Parininihi Ki Waitotara Incorporation (the Incorporation or PKW) was constituted under Te Ture Whenua 1993. The Incorporation was established by Order in Council in 1976 to administer the lands previously known as the West Coast Settlement Reserves. Their office is located in Stratford, Central Taranaki. The Incorporation has 7971 owners. The core business of the Incorporation is the administration of the unimproved value contained in 350 leases and incorporates 22,000 hectares of farmland. Following the Reserved Land Amendment Act 1997 the Incorporation purchased back lessees’ improvements of some 33 leases. With amalgamation the Incorporation now has 18 dairy farms. It now produces some 1.56 million kilograms of milksolids.
In 1997, the PKW Board with consultants produced a land management plan, which was taken around the motu and eventually passed by a large majority of shareholders. The land management plan outlined desirable leases to be purchased and contiguous blocks of freehold but also provided for sales of uneconomic or unsuitable blocks of land.
In order to diversify its investments, which are mainly land, the Incorporation has diversified and now has the following investments portfolio:
The asset base of the Incorporation at current market value is approximately $200 million. The farming operations of the Incorporation are carried out by a subsidiary company, PKW Farms Ltd. This company is wholly owned by the Incorporation. The company has five directors; three are members of the PKW Board with the other two being independent directors with extensive knowledge of the sector and business environment.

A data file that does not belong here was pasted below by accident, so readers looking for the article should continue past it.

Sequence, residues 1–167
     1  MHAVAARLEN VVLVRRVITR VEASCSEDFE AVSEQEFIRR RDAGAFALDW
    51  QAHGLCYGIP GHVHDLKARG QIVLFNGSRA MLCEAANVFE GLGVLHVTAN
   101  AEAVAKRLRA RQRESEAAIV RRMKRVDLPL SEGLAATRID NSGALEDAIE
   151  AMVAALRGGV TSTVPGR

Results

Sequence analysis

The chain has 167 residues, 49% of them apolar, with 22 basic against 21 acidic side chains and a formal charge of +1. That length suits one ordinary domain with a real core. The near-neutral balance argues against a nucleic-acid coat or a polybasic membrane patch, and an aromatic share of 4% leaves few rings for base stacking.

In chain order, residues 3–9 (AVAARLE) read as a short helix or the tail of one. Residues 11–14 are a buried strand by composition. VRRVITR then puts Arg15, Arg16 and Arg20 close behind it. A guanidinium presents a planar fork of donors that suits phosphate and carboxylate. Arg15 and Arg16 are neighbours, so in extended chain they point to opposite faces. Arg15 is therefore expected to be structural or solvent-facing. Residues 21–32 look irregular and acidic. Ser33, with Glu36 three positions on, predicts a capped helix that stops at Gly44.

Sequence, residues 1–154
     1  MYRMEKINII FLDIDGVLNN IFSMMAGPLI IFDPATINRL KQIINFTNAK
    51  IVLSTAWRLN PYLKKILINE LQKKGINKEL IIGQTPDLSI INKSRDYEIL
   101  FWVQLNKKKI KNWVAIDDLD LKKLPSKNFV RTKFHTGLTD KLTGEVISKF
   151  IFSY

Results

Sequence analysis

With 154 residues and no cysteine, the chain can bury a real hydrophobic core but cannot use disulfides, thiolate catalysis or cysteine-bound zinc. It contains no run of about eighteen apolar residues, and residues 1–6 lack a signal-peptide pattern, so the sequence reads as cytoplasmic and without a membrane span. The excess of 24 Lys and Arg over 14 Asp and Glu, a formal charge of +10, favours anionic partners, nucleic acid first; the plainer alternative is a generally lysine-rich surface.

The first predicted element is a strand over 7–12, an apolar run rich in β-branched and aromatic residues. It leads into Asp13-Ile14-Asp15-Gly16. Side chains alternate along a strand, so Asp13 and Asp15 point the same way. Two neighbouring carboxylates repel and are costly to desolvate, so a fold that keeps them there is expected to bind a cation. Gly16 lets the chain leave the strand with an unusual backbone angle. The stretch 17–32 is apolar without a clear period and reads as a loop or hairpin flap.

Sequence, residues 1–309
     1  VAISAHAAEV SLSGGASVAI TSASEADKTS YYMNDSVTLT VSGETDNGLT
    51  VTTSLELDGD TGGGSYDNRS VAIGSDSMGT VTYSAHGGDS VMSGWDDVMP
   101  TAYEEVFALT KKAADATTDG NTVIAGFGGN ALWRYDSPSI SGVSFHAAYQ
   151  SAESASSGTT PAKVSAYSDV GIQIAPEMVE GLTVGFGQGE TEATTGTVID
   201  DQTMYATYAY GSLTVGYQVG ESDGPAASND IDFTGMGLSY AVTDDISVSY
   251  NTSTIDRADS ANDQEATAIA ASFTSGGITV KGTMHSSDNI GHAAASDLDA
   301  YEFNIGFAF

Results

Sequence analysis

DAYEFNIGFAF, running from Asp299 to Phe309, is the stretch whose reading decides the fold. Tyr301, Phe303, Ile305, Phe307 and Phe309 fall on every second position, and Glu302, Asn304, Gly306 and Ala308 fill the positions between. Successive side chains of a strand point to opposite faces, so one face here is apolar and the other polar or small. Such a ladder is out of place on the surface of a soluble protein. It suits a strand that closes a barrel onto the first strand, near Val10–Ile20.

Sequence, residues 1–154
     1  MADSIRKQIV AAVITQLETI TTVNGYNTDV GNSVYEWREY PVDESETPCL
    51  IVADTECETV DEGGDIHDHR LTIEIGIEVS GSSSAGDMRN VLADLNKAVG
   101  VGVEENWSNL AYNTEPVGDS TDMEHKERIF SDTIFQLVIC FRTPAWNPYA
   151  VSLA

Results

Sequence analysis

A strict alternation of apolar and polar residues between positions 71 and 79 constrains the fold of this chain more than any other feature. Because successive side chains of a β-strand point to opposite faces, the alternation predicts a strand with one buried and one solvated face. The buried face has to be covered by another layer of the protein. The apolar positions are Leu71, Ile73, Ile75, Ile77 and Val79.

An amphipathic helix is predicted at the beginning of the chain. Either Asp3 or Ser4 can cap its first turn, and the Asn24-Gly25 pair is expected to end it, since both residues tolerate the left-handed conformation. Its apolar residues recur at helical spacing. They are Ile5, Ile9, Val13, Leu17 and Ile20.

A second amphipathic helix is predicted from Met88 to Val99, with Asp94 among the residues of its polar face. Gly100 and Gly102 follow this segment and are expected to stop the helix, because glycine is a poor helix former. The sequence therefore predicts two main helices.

Three years ago the Incorporation employed its first chief executive, who was previously a partner in a chartered accounting firm. The administration work is carried out by an external firm. The Incorporation has recently formed a transition committee to review the future administration of the Incorporation.
The Incorporation has seven members on its Board and has operating subcommittees in the following areas:
The Incorporation has a strategic plan which is reviewed annually. The strategic planning process is carried out by the Board which is assisted by a consultant. The business plan is also updated at strategic planning meetings. The review of these plans is carried out annually following the annual general meeting, normally held in September or October.
The financial year of the Incorporation ends 30 June with the annual budget being prepared and approved prior to 30 June.
The Incorporation receives many offers to invest; when considering investments the Board undertakes due diligence. This is carried out by the CEO and/or consultants. A hurdle rate may be applied to investments. The major change in governance since the inception of the Incorporation has been the review of the Incorporation’s policies and processes. This has resulted in a transition sub-committee being established to recommend strategic direction regarding governance. The Board has accepted suggestions from the subcommittee and is preparing to implement those considered necessary.
The Incorporation is currently reviewing its policies and performance against international and domestic best practice.
The Incorporation reports to shareholders in the following manner: